I wish I was writing this from somewhere in South America. The story doesn't even begin there, though. I am well above the Mason-Dixon Line, in the heartland. It is here that my daughter and son-in-law live. And it is here that I experienced a level of pain I have never known.
Kory, my son-in-law, called me the evening of July 27th. His voice forbode bad news. My mind raced to all the possibilities as he asked me if I was alone, and as I closed the office door. I told him I was and he told me of the evening's events.
Michelle had laid her firstborn baby down for a nap at about 4:30. After some time she went in to check on little Grace, now just a week shy of 3 months. And there she lay, not breathing. As easily as you just read this e mail, in a matter of seconds, Grace departed from this world into the presence of God.
We were stunned. We wailed. We wept. We asked why. We walked in circles in the house. We held one another. We gripped ourselves, wrapping our arms around in a tight body hug, trying to keep our heart from exploding.
Pam, Melissa, and I were on a plane the next morning; we made it to Nebraska before midnight on the 28th. Our hearts felt like stones within us, but we did what we could to maintain our composure.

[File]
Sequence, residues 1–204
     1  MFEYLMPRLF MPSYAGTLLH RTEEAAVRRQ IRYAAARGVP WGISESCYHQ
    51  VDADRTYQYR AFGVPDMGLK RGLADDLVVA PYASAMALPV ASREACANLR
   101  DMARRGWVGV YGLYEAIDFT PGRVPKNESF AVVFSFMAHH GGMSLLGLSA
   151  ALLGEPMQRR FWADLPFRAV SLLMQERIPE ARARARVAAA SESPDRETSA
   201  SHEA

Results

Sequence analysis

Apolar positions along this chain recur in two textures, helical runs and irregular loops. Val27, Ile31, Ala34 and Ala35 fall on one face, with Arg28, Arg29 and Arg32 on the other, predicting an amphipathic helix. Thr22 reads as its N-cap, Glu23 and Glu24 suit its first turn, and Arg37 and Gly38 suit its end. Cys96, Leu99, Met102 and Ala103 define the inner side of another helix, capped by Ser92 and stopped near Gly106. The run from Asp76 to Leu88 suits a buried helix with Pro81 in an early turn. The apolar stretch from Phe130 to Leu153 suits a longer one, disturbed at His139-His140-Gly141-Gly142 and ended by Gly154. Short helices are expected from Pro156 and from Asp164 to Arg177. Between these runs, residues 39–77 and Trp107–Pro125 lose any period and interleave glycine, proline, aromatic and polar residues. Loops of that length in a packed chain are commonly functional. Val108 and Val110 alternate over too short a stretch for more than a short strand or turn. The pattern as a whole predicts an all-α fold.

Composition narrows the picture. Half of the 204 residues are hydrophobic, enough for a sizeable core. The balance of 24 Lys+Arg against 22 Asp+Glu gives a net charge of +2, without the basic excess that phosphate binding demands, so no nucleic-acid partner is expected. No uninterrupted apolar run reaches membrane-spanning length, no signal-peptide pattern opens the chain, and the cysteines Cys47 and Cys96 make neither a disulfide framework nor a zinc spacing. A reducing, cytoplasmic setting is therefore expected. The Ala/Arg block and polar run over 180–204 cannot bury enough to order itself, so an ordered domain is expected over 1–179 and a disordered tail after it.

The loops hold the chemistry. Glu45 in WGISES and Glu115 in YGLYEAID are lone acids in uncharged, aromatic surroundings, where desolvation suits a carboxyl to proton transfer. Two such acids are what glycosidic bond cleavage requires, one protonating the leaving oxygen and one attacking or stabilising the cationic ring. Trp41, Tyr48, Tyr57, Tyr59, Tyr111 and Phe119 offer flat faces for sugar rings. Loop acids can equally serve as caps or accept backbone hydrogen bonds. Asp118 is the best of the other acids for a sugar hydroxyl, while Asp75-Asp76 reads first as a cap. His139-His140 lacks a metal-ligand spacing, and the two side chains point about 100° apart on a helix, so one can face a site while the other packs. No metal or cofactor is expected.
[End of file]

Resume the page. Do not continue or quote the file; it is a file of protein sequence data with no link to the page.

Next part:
We buried our first grandchild a few days later.
The pain we felt from death's stinger is much abated now. It's still there, to be sure. There are still certain triggers that cause our emotions to overflow. But we do not dwell on the pain. We have a blessed hope in the Lord Jesus Christ.
I once heard of some heretic who went to a Southern Baptist seminary to speak. This pea-brained and dead-spirited man had the gumption to tell that crowd of men and women that he believed babies were divided into two classes. Should they die, one of those classes of babies goes on to heaven; the other goes to hell. The trouble with his shock theolodgy was, aside from the sheer madness of it, there were women and men present whose babies had died in the past few weeks and months. Those men and women had come to chapel for a fresh word of comfort; their hearts were wounded. And this foolish man was Satan's sharp sword to reopen those wounds.
I am far more Calvinistic in my theology than I am anything else. But God help the man who looks me in the face and tells me my 3-month-old granddaughter (or anyone else's) is burning in hell! There is enough pain in death without such heresy being spewed onto wounded spirits.
Life moves on. We are learning to enjoy the sunsets again. We are learning that pain is lessened by "group hugs." We are learning that resting in Jesus is the only sure way to make it through a time like this. We are learning that we have more friends than you can shake the proverbial stick at. We are learning that Jesus also shares his love with us through their love. We are learning the importance of faith, of walking in the Spirit (before calamity comes), and of the power of prayer.
Above all, we are learning that the sharpest part of the spear on death's shaft went into God's heart. We feel a small part of the sting Jesus felt for us. By faith we await the day we will walk the roads of heaven, hand in hand with Grace Elizabeth. Until that day, we let the Holy Spirit rub our hearts with the healing balm he carries in his hand.